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Network World - The Business Roundtable, the association of 210 chief executive officers whose companies account for more than $7.3 trillion in annual revenues and 16 million employees, today said that cyberthreats to their businesses have become so severe, a new way of sharing real time security information needs to be set up among companies and with the U.S. government.
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"Cybersecurity threats from nation states and other well-funded, motivated actors present risks that neither the public nor the private sector can unilaterally address," the Business Roundtable executives stated in their report entitled, "More Intelligent, More Effective Cybersecurity Protection." They noted that "formidable criminals are systematically stealing intellectual property through cyber theft" and "even more dangerous adversaries are developing tools and capabilities to disrupt critical services that support the world's economy, security and public safety."
In its report, the group, whose CEOs hail from large companies that include Wal-Mart, ExxonMobil Corp., Proctor & Gamble, Dow Chemical, General Electric and others, said they have united around a proposal that calls for an unprecedented level of information-sharing between each other and the U.S. government for protection.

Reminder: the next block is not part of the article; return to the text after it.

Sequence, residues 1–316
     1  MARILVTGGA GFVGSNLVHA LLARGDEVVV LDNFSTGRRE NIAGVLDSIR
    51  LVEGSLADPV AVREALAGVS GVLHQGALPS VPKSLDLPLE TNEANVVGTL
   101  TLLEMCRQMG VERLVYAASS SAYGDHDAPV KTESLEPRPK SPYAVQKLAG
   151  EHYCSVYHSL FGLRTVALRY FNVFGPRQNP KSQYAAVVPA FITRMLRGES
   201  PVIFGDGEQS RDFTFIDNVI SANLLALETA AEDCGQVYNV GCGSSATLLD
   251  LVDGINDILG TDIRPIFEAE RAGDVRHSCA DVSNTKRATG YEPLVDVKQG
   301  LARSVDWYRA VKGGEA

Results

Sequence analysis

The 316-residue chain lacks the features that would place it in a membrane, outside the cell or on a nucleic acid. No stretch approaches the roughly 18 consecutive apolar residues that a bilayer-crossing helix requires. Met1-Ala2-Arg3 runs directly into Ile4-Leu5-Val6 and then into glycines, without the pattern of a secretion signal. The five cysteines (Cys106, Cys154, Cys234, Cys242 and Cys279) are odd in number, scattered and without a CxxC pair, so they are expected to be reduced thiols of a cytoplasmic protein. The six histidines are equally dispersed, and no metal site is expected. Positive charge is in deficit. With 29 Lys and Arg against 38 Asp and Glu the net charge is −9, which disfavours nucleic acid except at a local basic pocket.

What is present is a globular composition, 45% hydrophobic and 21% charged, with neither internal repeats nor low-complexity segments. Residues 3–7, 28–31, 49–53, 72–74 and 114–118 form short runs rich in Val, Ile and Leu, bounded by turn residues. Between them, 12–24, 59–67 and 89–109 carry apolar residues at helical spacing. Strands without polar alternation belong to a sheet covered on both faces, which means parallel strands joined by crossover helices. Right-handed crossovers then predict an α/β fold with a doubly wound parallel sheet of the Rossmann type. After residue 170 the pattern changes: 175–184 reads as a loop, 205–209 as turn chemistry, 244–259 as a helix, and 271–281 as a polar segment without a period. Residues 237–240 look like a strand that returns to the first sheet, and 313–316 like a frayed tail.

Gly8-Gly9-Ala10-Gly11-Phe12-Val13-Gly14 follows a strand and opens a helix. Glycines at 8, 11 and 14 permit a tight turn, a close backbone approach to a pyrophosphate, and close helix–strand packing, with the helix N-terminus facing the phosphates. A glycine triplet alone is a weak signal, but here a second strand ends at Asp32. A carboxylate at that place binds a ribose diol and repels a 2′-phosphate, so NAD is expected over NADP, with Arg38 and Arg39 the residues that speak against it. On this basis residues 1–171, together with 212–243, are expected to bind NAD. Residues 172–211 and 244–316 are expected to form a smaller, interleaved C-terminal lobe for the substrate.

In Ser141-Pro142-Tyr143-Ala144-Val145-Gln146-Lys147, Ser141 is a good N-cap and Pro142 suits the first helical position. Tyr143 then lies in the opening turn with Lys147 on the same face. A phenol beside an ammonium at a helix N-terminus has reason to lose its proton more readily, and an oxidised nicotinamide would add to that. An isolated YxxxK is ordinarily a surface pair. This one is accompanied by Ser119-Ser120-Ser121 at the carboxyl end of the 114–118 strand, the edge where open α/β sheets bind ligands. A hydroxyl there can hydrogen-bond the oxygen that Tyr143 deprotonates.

But the CEOs say to do this, some legal hurdles will have to be overcome, such as finding ways to obtain satisfactory liability, antitrust and freedom of information protections that would likely involve cooperation from Congress and the White House.
The Business Roundtable proposal includes ideas such as:
- Authorize and create two-way information sharing to actively exchange reports on imminent threats, response actions and situational awareness as well as deliver threat assessments, such as National Intelligence Estimates.
- Increase law enforcement capabilities to disrupt, apprehend and prosecute cyber criminals
- Position the public and private sectors to collaborate on cybersecurity vat strategic and operational levels.
- To effectively act on threat information provided by the government, private-sector companies will have to work across their respective enterprises. As a result, the government must not only increase the number and level of security clearances within the private sector but also strive to share information that is classified at the lowest possible level to ensure that companies are able to share threat information with corporate stakeholders responsible for taking appropriate action.
- Processes for real-time collaboration on the technical level between government and industry should also be established to address "serious risks."
"The companies are highly motivated to address this," says Liz Gasster, vice president at the Washington, D.C.-based Business Roundtable, about what she says is an unprecedented step by the CEOs of the Business Roundtable to publicly put forth a proposal to address cyberthreats.